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One particular assumption is that $e_{i} \sim N(0,\sigma^{2})$ but I was wondering why we use a QQ plot to test this assumption since we have $n$ iid distributions to look at. When we use a QQ plot, aren't we looking for the normality of all the residuals as opposed to one particular $e_{i}$? I am confused about this assumption. Does the QQ plot somehow imply that each $e_{i}$ is normally distributed?

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    $\begingroup$ You seem to be confounding errors and residuals together there. The assumptions apply to the errors, but the diagnostics are done on the available estimates of them (the residuals). You're interested in checking whether the entire set of errors are consistent with being sample from $N(0,\sigma^2)$ $\endgroup$ – Glen_b Aug 12 '13 at 13:29
  • $\begingroup$ The issue with errors versus residuals aside, I think you also need to ask yourself why does the QQ plot tell us that the residuals follow a normal distribution. Think about what it means to be on the straight line in the plot. $\endgroup$ – user25658 Aug 12 '13 at 13:41
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First, note that if we observe realizations out of a normally distributed random variable, then indeed the data/realizations should "look" normal with sufficient $n$. If the error terms are iid, it does not matter if we think of it as one random variable spewing out data, or several random events happening iid after each other, as the normal distribution (and therefore our error term) is completely determined by the moments and assumptions we made.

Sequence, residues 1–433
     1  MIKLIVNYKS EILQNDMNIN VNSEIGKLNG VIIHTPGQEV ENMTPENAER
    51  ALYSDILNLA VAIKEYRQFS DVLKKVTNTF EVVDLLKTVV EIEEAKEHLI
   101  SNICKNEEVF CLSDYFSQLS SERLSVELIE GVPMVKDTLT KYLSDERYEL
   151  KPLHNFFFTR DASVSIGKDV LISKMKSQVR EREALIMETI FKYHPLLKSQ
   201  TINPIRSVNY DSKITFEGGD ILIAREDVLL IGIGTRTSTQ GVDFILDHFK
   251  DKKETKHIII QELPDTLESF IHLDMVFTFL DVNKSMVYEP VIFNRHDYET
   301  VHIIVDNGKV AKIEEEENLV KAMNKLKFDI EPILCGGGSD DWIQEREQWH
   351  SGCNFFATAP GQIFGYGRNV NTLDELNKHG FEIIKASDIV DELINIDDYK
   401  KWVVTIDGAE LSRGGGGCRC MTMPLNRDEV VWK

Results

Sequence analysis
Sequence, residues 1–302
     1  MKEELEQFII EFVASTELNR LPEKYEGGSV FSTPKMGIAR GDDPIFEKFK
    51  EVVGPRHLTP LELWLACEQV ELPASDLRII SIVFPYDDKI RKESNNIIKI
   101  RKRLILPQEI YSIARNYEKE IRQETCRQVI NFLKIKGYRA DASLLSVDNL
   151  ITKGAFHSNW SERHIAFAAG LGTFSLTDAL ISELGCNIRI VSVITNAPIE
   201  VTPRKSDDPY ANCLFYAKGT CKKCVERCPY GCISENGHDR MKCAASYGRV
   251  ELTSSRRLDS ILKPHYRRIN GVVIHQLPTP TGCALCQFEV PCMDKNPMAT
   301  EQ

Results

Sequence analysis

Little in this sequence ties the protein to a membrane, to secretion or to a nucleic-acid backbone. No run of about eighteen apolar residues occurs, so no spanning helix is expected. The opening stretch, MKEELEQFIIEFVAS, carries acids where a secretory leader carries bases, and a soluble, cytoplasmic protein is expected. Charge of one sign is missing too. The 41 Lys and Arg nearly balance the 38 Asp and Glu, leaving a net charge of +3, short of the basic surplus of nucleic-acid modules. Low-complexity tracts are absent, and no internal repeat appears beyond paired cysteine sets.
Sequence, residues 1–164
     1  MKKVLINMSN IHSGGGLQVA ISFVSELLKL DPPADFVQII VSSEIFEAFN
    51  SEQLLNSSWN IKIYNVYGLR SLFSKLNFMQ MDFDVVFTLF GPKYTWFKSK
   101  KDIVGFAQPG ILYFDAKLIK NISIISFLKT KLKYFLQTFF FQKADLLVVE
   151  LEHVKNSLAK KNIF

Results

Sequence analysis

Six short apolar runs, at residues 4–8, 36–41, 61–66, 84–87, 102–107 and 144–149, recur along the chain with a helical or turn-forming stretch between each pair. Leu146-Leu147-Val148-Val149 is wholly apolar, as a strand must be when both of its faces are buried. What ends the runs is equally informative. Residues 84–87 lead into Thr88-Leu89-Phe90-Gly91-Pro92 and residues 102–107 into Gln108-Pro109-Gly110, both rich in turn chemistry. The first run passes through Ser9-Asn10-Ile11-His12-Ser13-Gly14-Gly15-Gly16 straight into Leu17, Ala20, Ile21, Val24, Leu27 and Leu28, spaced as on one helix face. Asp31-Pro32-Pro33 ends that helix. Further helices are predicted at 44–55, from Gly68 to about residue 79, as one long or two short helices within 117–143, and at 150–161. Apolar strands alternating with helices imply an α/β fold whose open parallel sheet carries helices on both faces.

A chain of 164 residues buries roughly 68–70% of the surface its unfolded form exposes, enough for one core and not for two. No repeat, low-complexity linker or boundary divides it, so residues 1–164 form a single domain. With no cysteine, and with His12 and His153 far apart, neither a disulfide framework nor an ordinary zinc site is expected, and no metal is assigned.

Does the QQ plot imply that each $e_i$ is indeed normal? No. But it doesn't invalidate this assumption. More importantly: We can not observe $e_i$ anyway. We observe the residuals - the difference between what we can explain systematically by our model and what is left in the data.

If the quantile quantile plot of our regression model for our residuals shows a normal distribution of the residuals, then we can be confident that the OLS assumptions, not only about the error term but in general, are met by our model.

Since our residuals are defined as: $\hat{e_i} = y_i - \hat{y_i}$, the appearance of normality in the residuals suggests that everything out of our model is random influence. That is, no systematic influence remains in the data that can not be attributed to our data.
If $\hat{y_i}$ is our fitted model, then we can also say that $\hat{e_i}$ is kinda our estimate of the error term. If that doesn't turn out to be normal, something must be wrong in our model!
This is important for OLS, especially for things like Missing Variable Bias (has nothing to do with the error term, as you see), which would in most cases make your results invalid (which can not be saved by asymptotics!). If our error term assumptions are correct AND our model has all the right parameters included, then our residuals will - on average - represent the error terms. If we look at the distribution of all those residuals and it turns out to be normal, we can assume our model to be correct. (On the other hand if the error terms weren't normally distributed, there would be the chance of our model being so wrong that our residuals would show normality because of our model - but this event is rather theoretical.)

So yes: It's important to understand that residuals only correspond to the error terms if our model is correct. And because of that, a QQ-Plot can never logically VALIDATE our model - since the error terms are not observed.
It can, however, invalidate our model and assumptions. And that's why we need to look at it.

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